Monday, August 20, 2007

Seeing Definitions

I am left-brained. The right brain (supposedly) can also process information, but does it differently.

My eldest son sees
but I read.
He processes in three dimensions
but chokes on dragon's teeth.
I elaborate with letters
but put all mechanical things together backwards.

a b
c d
a' b'
- d'
c d''
- b''

Yet I can learn from a diagram. Here's one expressing the continuum from apposition to hypotaxis. What's that? you ask. I don't know yet, but here it is.

Now about all those other words that we use to describe textual art, I think I am seeing two global structures as I intimated in my last two notes: the container external structure and the contained inner structure. The containers seem more useful for carrying around the text by description. The inner structures seem more useful for discovering meaning. I am not a professional linguist, so most of the terminology is new to me.

First about inner structure: parallelism qualifies, as does the continuum of apposition above. Apposition is a category of parallelism. I have not yet seen a perfect taxonomy of types of parallelism. Another inner structure is repetition of a word or set of words. Repetition of two words in reverse order is named after the letter Chi. The rhetorical technique of parallelism combined with chiasm can disambiguate meaning. An example is Isaiah 40:

ג קוֹל קוֹרֵא--בַּמִּדְבָּ פַּנּוּ דֶּרֶךְ יְהוָה יַשְּׁרוּ בָּעֲרָבָה מְסִלָּה לֵאלֹהֵינוּ.

a voice cries in the wilderness prepare the way of the LORD
make plain in the desert a highway for our God.

The first phrase is ambiguous - is the voice in the wilderness or is it the way of the LORD that is to be prepared in the wilderness? The parallel phrase makes the meaning clear.

a voice cries
in the wilderness
prepare ...
make plain
in the desert ...

Whether this is prose or poetry or could be described as a verset or colon or stich or whatever, this structure sets up the intention of the words. The communication of meaning is the purpose. I am beginning to think that the containing structure, in contrast, is there for assisting hearing and memorization rather than directly contributing to meaning. As such it has a complementary usage. Well designed containers are also coherent: relating to one aspect or object. (How useful being trained in software is sometimes.)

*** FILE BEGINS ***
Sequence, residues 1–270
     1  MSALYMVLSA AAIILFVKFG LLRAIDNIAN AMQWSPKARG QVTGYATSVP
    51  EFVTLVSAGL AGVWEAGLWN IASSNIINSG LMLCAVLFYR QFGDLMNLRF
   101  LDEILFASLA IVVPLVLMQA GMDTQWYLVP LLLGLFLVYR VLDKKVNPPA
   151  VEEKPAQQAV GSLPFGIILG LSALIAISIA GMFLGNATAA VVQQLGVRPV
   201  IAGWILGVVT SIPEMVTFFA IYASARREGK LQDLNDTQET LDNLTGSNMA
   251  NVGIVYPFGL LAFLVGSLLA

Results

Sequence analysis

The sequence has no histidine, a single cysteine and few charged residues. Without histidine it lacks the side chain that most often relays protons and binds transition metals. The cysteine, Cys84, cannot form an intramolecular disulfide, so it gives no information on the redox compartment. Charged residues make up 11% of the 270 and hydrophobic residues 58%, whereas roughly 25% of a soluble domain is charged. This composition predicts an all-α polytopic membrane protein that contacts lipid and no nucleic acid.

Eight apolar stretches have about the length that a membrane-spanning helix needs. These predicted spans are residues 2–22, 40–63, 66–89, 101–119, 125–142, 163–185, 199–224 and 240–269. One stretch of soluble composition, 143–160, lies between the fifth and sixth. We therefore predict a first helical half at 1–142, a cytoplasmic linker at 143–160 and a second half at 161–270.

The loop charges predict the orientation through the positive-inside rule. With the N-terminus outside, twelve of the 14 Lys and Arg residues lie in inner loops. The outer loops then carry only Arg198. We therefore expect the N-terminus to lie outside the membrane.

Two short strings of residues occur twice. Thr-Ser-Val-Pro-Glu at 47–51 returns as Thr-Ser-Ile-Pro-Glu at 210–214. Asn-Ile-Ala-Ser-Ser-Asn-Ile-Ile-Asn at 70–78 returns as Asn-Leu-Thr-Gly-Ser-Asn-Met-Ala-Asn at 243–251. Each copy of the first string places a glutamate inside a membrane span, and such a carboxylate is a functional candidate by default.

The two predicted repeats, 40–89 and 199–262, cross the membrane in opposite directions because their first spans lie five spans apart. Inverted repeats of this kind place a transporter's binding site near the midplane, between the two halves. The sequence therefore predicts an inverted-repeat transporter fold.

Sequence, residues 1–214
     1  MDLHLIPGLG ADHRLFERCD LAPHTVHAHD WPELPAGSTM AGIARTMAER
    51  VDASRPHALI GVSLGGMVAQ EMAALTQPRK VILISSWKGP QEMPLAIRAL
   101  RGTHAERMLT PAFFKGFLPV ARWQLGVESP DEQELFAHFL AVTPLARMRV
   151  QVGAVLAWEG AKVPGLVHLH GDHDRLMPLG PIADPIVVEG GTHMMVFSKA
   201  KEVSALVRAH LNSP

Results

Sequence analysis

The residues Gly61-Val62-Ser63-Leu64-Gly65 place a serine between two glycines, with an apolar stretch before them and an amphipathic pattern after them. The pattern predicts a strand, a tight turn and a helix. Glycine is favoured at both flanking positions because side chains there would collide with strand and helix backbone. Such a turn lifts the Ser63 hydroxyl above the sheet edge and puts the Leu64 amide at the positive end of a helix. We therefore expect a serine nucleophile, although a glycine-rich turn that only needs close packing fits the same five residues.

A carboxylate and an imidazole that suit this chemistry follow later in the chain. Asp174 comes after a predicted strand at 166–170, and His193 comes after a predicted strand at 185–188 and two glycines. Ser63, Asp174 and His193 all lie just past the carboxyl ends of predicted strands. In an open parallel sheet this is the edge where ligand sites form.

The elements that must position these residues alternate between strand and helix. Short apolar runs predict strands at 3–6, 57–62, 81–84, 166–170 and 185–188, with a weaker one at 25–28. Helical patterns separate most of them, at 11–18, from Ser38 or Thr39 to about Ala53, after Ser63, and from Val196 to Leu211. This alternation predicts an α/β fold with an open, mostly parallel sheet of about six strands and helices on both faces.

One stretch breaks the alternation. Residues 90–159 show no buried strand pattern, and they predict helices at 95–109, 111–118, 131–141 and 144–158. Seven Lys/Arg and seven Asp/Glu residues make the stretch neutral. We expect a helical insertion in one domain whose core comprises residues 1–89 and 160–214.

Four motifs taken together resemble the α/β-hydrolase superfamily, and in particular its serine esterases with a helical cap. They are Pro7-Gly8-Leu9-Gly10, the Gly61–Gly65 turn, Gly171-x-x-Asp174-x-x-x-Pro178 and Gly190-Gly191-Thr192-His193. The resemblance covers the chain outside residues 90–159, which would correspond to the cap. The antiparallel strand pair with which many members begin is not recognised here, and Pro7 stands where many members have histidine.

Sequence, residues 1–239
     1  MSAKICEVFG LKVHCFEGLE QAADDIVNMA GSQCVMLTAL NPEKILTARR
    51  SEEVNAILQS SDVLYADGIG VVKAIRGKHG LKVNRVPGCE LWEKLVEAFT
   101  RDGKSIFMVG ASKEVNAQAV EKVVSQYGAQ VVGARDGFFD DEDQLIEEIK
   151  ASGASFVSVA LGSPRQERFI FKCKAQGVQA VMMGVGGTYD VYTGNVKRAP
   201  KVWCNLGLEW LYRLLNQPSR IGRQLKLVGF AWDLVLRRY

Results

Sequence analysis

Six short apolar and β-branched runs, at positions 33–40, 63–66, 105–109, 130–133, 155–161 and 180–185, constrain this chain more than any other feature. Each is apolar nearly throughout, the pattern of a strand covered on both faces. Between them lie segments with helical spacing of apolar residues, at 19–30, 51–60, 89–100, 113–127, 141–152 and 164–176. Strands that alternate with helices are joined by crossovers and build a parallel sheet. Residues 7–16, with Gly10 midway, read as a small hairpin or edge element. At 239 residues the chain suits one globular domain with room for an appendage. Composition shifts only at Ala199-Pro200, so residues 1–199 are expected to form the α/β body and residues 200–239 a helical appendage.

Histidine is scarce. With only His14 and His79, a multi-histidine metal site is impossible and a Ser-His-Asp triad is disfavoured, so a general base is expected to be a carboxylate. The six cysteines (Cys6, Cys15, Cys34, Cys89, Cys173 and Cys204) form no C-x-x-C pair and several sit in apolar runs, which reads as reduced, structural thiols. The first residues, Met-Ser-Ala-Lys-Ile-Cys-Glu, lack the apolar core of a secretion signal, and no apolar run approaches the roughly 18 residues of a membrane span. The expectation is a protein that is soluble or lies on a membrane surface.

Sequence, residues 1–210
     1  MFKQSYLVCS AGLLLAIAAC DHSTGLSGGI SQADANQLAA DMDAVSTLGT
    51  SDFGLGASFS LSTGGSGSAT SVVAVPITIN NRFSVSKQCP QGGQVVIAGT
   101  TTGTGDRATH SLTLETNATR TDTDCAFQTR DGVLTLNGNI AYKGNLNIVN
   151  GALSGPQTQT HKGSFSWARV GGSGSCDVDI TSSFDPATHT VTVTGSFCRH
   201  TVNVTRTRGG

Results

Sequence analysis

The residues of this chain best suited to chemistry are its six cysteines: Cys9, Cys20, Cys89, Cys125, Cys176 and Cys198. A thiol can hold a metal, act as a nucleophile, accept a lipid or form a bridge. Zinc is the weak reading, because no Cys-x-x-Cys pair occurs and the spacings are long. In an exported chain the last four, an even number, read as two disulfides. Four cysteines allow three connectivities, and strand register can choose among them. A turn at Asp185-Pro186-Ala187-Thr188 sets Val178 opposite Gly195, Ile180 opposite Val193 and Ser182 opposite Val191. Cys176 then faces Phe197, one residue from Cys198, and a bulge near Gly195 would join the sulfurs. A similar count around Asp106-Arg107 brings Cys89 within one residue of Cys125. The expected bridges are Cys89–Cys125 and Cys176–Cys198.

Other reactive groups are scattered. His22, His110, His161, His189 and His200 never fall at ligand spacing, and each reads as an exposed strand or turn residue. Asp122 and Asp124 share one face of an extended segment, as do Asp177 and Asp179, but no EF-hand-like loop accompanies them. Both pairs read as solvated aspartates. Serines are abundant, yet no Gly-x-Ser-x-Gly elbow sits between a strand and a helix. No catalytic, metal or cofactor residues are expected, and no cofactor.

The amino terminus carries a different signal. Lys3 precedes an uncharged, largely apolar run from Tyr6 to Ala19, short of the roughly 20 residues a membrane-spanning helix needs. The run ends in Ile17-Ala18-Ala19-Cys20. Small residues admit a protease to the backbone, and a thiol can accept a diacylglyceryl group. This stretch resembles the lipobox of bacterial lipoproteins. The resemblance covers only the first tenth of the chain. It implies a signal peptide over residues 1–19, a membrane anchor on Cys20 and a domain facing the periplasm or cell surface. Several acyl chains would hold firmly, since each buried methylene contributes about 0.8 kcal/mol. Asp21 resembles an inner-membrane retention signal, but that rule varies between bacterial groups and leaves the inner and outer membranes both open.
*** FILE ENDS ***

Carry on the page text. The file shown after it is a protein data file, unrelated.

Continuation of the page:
Being either foolish or brave, let's try and decide what the prosodic structure is for this verse.

קוֹל קוֹרֵא
בַּמִּדְבָּ פַּנּוּ
דֶּרֶךְ יְהוָה
יַשְּׁרוּ בָּעֲרָבָה
מְסִלָּה לֵאלֹהֵינוּ

If this is poetry and I was to follow the general rule (the rule of 2 or 3), I would have to divide it as above.

a voice cries
in the wilderness prepare
the way of the LORD
make plain in the desert
a highway for our God

In just using text, not a diagram, I am reducing my scope for painting to html in a limited and defective editor. But for a short line we can still see clearly an internal structure to the word units:

a, b,
c, d,
e, f,
d', c',
e', f'

where the apostrophe indicates the same concept in this case in a synonym. I am not ready to name these pieces. Maybe in the next note after more study and examples.

Source for these musings is from John Hobbin's Glossary and the article on Poetic Structure - both requiring more than one day's reflection. (I admit to reading them two or three times this year, but they went in one eye and out the other.)


John said...

Hi Bob,

your subdivision of Isa 40:3 into packets of 2 to 3 prosodic words is right on target. Your division is identical to that found in the NJPSV Hebrew-English Tanakh and in my essay on Isa 40:1-11.

The next step is to bundle the twosomes and threesomes of prosodic words into grooups of 2 or 3. The group is what one may call a "line." In Isa 40:3, there are two lines, the first with three versets, the second with two.

The masoretic accents divide the verse in identical fashion. Are you able to interpret the accents?

John Hobbins

Bob MacDonald said...

Thank you John - my head is raised and spinning less. I see that these are 'versets' - and lines combine them. I will incorporate these into a visual summary somehow. Line should correspond more to the physical media used also - I felt these were too short to be lines.

As to cantillation, I have a long experience as cantor in the Anglican tradition but I have only read about and listened to Hebrew cantillation - Brettler, Marc Zvi, Biblical Hebrew for Students of Modern Israeli Hebrew, 2002.

John said...

For an understanding of disjunctions and conjunctions implied by the Hebrew cantillation of any given verse, check out the TanakhML project's database I list on the right sidebar of my blog.